Cultural leader Willis “Bing” Davis was born on June 30, 1937, in Greer, South Carolina to Verona Hargro Davis Buffington and Levonia “Lee” Davis, a coal truck driver and gospel singer. Growing up on Dayton, Ohio’s, East Side, Davis attended Washington Elementary School. An All-City basketball player at six feet four inches tall, Davis graduated from Wilbur Wright High School in 1955. Assisted by coach Dean Dooley, Davis entered DePauw University in Greencastle, Indiana, where his classmate was Vernon Jordan. Graduating in 1959, Davis taught art at Dayton’s Colonel White High School. He attended the Dayton Art Institute and earned his Master of Education degree from Oxford, Ohio’s, Miami University in 1967. Later, from 1975 to 1976, he pursued graduate studies at Indiana University.
Returning to DePauw University in 1970, Davis served as assistant dean of art and coordinator of Black Studies – as the only black faculty member. In 1973, Davis attended his first meeting of the National Conference of Artists (NCA) and made his first trip to Africa (Ghana). Davis was appointed assistant dean of the graduate school and associate professor of art at Miami University in 1976. That same year, Davis held his first one man show at the Studio Museum of Harlem. In 1978, Davis was invited to chair the Art Department and to become director of the new Paul Robeson Cultural and Performing Arts Center by Dr. Arthur E. Thomas of Central State University in Wilberforce, Ohio. Davis, who served on Central State University’s faculty for twenty years, also was a visiting scholar at the University of Dayton and an artist in residence at Wright State University.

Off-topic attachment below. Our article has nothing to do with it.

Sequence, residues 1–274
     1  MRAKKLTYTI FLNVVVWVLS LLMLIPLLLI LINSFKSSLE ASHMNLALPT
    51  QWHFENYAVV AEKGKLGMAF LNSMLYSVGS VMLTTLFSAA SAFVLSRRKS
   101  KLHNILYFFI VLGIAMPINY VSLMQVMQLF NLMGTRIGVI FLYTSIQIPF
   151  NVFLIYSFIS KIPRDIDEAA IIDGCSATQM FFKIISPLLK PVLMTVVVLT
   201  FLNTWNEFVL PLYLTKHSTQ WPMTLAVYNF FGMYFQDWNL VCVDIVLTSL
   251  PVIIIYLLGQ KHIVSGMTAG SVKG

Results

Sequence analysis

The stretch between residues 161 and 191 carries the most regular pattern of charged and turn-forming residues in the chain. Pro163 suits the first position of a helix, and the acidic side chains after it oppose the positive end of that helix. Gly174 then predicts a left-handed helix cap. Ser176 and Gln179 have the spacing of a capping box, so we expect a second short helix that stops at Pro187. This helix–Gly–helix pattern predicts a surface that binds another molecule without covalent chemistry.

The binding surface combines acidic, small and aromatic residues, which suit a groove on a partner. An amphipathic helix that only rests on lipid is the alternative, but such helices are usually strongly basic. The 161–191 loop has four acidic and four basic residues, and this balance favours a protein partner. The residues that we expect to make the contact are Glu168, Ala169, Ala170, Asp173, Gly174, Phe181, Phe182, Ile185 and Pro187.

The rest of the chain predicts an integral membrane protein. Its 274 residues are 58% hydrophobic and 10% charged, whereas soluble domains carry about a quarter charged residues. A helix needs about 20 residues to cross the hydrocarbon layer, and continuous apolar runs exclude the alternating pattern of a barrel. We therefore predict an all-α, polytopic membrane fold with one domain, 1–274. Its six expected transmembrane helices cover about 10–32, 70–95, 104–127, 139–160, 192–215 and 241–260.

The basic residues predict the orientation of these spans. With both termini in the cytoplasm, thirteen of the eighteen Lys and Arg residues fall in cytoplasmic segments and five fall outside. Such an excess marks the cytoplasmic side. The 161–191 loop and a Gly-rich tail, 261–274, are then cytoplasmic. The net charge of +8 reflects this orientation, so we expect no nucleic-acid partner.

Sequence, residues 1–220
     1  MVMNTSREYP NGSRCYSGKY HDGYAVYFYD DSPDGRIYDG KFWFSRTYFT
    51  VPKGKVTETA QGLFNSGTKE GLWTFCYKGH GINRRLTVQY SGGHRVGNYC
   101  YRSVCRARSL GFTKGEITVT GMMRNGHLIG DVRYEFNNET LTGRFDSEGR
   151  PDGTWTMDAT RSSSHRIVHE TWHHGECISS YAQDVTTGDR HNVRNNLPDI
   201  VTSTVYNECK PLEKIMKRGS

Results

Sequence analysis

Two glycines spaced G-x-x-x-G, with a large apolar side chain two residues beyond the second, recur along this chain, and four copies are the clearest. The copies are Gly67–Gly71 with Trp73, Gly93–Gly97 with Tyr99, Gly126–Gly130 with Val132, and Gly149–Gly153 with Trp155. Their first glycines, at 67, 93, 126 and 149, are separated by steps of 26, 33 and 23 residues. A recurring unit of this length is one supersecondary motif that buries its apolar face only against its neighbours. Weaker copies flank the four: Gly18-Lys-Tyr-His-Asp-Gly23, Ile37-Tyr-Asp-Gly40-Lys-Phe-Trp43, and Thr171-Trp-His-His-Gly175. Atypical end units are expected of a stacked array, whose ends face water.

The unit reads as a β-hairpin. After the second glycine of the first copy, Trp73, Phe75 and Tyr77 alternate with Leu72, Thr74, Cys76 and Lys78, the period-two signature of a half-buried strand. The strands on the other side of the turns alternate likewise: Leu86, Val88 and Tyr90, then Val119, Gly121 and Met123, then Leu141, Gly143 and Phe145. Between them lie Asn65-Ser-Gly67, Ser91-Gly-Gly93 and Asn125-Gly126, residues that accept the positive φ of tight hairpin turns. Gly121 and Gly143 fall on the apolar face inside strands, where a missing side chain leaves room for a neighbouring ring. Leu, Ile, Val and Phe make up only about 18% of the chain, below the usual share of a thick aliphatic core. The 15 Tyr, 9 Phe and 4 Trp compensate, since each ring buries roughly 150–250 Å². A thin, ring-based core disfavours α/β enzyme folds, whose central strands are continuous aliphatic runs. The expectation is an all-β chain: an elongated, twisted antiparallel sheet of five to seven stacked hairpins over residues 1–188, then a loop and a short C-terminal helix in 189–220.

Davis has an illustrious record as an artist and curator including exhibitions at the American Craft Museum, the Renwick Gallery, Maryland Institute College of Art and Design, Savannah College of Art and Design, Anacotia Museum, National Museum of Art of Senegal, West Africa, United States Embassy Accra, Ghana, and Museum fur Angewandte Kunst in Frankfort, Germany. Davis was visiting artist-lecturer for Panafest 94 in Accra, Ghana. In 1997, Davis received the Ohio Art Educator of the Year Award. He received the 1999 Global Youth Peace and Tolerance Award and the 2001 Ohioan Pegasus Award. Davis is president of the board of directors of the National Conference of Artists. Davis also established EbonNia Gallery in the developing Wright/Dunbar neighborhood of Dayton’s West Side.
A hometown cultural hero, Davis has a grown daughter and lives in Dayton with his wife, Audrey.